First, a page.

Common Beech

Fagus sylvatica

European Beech

Common Beech (Fagus sylvatica) is a common deciduous tree in British woodlands. The leaves are edible for the first few weeks after they appear in the spring and the tree produces an edible nut.

Where does Common Beech grow?

Common Beech (also known as European Beech) is native to southern England, although there is some debate as to whether it was actually introduced up to 4-6,000 years ago. It can be found in much of Europe and seems to prefer well-drained and slightly acidic soils.

Beech was often planted for firewood, furniture and other uses and there are Beech plantations that are centuries old scattered across the UK.

Are Beech leaves edible?

There are two edible parts of the Common Beech – the leaves and the nut, AKA Beechmast. The leaves are best eaten when young and in the first few weeks after they appear on the tree. After that they tend to be too bitter and/or tough.
The nuts are slightly harder to collect – they are either out of reach of the human forager or they have been nabbed by the local squirrels before you get a chance to grab them. The nuts are on the bitter side and contain a decent amount of tannin, but not enough to stop them being regularly eaten by both humans and livestock in the past. The nuts can be gathered and pressed into oil.

The taste is like a sort of nutty lettuce, and a subtle texture that works well as an addition to salads or sandwiches.

Excessive consumption is discouraged as there is some evidence to suggest that they are toxic in large quantities, and for some people.

 How to identify Common Beech

Beech trees can be identified by their smooth, grey trunks and the distinctive leaf-litter underneath them. Beech tends to be found in small (and occasionally large) stands with several trees close together – the leaves from previous years form a dense carpet underneath. Beech leaves take longer to break down than leaves of similar size from other hardwoods and this, along with a relative lack of light and other factors, leads to very little undergrowth establishing itself under a canopy of Beech trees.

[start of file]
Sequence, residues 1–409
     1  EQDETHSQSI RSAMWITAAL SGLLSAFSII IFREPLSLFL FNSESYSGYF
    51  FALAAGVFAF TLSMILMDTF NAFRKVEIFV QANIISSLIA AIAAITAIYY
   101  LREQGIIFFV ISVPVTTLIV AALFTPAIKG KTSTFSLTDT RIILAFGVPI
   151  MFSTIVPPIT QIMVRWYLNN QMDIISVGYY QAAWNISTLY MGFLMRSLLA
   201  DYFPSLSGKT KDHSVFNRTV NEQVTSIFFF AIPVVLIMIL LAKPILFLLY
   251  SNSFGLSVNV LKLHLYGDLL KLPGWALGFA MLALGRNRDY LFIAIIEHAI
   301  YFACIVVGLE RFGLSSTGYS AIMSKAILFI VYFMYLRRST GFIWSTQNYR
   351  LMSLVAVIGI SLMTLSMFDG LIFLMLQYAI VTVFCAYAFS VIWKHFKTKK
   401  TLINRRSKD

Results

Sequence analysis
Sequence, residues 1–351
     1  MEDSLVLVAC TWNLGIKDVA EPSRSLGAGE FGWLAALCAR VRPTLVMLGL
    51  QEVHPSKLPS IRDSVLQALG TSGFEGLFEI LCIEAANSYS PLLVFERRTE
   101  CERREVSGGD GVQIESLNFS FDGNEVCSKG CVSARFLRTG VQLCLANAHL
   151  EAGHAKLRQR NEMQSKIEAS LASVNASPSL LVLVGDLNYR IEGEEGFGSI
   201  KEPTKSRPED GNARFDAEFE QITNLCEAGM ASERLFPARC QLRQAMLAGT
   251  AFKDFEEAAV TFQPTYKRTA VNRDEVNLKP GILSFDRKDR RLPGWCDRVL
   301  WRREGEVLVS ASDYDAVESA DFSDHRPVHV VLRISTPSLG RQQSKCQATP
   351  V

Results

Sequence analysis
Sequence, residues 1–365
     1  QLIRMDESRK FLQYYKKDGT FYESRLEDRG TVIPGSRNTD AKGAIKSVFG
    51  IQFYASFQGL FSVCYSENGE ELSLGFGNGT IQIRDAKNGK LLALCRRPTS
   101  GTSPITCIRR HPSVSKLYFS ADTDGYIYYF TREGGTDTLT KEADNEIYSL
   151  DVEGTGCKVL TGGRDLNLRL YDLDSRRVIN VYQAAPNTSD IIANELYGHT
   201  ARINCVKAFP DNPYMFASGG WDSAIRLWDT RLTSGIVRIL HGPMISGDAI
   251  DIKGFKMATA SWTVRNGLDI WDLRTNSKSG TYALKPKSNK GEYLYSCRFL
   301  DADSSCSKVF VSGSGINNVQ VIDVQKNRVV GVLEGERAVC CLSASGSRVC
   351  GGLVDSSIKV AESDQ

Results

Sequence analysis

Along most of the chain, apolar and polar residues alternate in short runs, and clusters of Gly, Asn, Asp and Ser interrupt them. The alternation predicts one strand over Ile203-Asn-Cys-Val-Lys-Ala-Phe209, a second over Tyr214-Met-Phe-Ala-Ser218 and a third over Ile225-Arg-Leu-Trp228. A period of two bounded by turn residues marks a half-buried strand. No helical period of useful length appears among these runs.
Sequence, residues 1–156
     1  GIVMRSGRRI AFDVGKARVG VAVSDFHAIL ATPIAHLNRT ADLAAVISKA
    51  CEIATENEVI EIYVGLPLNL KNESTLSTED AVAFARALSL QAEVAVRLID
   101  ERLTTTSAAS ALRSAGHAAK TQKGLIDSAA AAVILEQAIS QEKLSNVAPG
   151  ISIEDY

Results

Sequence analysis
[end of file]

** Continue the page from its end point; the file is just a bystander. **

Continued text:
Potential dangers and misidentification

The easiest mistake to make when looking for Beech trees is to confuse them with Tilia platyphyllos, sometimes known as Large-Leaved Lime. This tree is common in parts of England and has been used in herbal medicine.

beech leaves edible

Beech Leaf Noyau Recipe

There are several recipes found for Beech Leaf Noyau. Most agree on three key ingredients – Beech leaves, gin and sugar (sometimes honey).
1. Wash and dry enough Beech leaves to fill a large jar/container
2. Cover with gin
3. Leave for a week (some say a fortnight) then strain off liquid
4. For each pint add 1lb (453g) of sugar dissolved in water (some specify boiling water, volume changes but about 1/2 pint)
5. Add brandy (most recipes agree on ‘lots’) and stir
6. Bottle when cold

This really does capture the nutty-sweetness of Beech in a pleasing alcoholic drink. There’s a lot of variance in recipes and the timing for collection of your leaves seems to matter more than quantities of sugar etc. I have tried lots of variations and they’ve always been at least vaguely successful. The most it will cost you is some time.
And potentially some ruined gin.

beech leaves edible uk
beech leaves edible

A note of caution

Foraging and hunting for wild food is a potentially hazardous activity. Whilst we try to make sure these wild food guides are as accurate as possible there is ALWAYS the possibility of misidentifying a plant or other item and the descriptions given might also apply to similar toxic plants. Common names cannot be relied upon as they change from region to region, and there are some similar names for very different plants.

You should always be confident of the identification of a plant, fungus or lichen BEFORE you touch it and especially before you put it anywhere near your mouth. The best way to do that is by checking with a good wild flower key or identification book, and ideally cross-referencing between more than one book.
We have a blog post on some of the foraging guide books that we recommend HERE.

You can also find details of our Foraging and Wild Food courses in North Wales below.

Elder Sambucus nigra
Pignut Conopodium majus

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